Royals Bullpen will have a different look in 2017

Royals Bullpen

MARCH 2017 – Once upon a time, the Kansas City Royals bullpen had HDH, a dominant shut down trio of pitchers.

That would stand for Kelvin Herrera, Wade Davis and Greg Holland.

A couple of spring trainings ago, manager Ned Yost was told other teams were trying to replicate the Kansas City Royals’ success with similar bullpens.

“Good luck with that,” Yost replied on finding arms like Herrera, Davis and Holland to close out games.

The Royals bullpen is now down to Herrera. Holland had elbow surgery late in the 2015 season. He sat out last season and signed as a free agent this winter with the Colorado Rockies. Davis was dealt to the Chicago Cubs for right fielder Jorge Soler.

“It’s not going to be the 1-2-3 punch we’ve had the last couple of years,” Royals bullpen coach Doug Henry said of this bullpen.

Herrera will assume the closing role with his high 90s mile per hour fastball. Herrera collected a dozen saves last year when Davis was on the disabled list. He had a 2-6 record with a 2.75 ERA in 72 appearances, striking out 86 in 72 innings while allowing only 57 hits.

“I think he’s ready,” Henry said. “Last year when he took over for Wade a little bit, he showed he was ready to do it.”

“Right about the time Holly was taking over as the closer, I didn’t think Kelvin was ready yet. He learned being the set up guy. He learned being the setup guy that he can get people out at any time. He was facing the top guys in the lineup almost every time.

“He’s definitely got the stuff. He’s definitely got the mentality now.”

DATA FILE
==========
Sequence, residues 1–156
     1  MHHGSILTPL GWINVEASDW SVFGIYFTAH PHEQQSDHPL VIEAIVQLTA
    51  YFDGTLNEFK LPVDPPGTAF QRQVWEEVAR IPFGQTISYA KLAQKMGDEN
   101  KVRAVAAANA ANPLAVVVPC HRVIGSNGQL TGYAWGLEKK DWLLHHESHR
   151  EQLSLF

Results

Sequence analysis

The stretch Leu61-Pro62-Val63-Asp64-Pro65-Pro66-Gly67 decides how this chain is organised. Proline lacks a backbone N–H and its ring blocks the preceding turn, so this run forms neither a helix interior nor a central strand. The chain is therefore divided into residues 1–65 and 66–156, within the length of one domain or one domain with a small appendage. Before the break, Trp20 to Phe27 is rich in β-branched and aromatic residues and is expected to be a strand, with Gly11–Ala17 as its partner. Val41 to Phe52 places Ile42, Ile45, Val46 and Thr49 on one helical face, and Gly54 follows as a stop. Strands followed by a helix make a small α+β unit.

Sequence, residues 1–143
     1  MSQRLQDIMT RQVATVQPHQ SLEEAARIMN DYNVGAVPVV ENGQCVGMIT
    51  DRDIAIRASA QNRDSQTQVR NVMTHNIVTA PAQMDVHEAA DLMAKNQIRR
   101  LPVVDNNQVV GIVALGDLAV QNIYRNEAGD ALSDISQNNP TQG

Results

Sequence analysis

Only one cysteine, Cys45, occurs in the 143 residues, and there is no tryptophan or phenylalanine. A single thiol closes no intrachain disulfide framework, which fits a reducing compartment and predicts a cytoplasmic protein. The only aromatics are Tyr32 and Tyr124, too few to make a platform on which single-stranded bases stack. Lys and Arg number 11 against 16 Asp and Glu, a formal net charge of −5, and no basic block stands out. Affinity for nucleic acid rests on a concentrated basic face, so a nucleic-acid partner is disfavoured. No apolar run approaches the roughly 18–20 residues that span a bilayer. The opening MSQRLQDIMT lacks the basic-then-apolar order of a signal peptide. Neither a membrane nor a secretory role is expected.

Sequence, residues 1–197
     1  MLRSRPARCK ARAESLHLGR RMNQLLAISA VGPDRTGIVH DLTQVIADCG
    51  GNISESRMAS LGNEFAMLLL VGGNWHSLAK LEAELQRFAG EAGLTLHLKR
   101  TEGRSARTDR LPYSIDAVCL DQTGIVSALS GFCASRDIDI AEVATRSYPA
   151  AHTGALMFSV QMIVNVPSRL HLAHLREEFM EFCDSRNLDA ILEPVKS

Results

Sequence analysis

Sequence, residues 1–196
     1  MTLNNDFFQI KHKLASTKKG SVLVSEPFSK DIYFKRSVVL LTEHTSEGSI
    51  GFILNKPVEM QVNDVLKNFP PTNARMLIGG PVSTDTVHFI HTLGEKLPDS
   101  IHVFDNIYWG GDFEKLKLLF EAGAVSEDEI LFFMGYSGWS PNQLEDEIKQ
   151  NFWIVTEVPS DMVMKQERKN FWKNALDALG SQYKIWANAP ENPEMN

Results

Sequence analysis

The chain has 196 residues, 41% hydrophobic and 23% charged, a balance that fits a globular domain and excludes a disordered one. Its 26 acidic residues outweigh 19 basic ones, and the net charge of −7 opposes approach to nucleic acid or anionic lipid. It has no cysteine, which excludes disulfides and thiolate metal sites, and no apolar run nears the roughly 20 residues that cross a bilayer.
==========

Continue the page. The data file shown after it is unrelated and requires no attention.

Yost and Henry have confidence if the Royals have a lead in the ninth that Herrera will hold it most of the times.

The problem with the Royals bullpen could be getting the ball to Herrera with a lead.

There can be blown saves in the seventh and eighth inning, too.

Joakim Soria, a one-time all-star closer who is coming off the worst year of his career, and rookie left-hander Matt Strahm, who was electric in 21 outings with a 1.23 ERA and striking out 30 in 22 innings

Soria’s seven blown saves ranked third in the majors. He had blown only 28 saves in his previous 10 years in the majors. He logged a career-worst 4.05 ERA with a 5-8 record. Batters blasted 10 home runs off Soria in 66 2/3 innings.

Yost made it clear the Royals need a much better season from Soria, who is in the second year of a three-year $25 million contract.

“He’s got to bounce back from what he did last year,” Yost said. “Jack could still close, in my estimation. And do I think he’ll bounce back? Yeah.”

Soria said the day after the 2016 season, he put it out of his mind.

“It’s not that I don’t think about it,” Soria said. “But you have to move forward. It’s like in any job, you have rough days, you have rough years. But you have to move forward.

“If you’re stuck, you’re just going to be stuck your whole life. And I don’t see myself that way.”

Henry said, “there’s no reason why he can’t be,” a solid reliever again.

“There’s no reason why he shouldn’t be,” Henry said. “He’s been there before. He knows what it takes to do it. We’ve all got faith it’s going to happen this year. And we’re going to need it to happen. He’s going to be a big part of our bullpen.

“As a pitcher we all struggle with confidence every once in a while. It’s a new year. That’s behind him. We’re looking for good things out of him this year.”

Other pieces of the Royals bullpen will be settled in spring training. Left-hander Mike Minor, who has been chiefly a starter throughout his career, has been shifted to the bullpen. He has not pitched in the majors the past two years after having shoulder surgery.

Chris Young, Nathan Karns and Travis Wood are candidates for the final rotation slot, but whomever does not win that job could be a long man out of the Royals bullpen.

Australian Peter Moylan is back on a minor-league with his effective side-arm delivery. Reclamation projects in camp include left-hander Jonathan Sanchez, his second go-around with Kansas City, and Brandon League, who logged 37 games in 2011 with the Seattle Mariners, but did not pitch in the majors last year. The Los Angeles Dodgers released him on July 10 with shoulder issues.

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Article by Alan Eskew.

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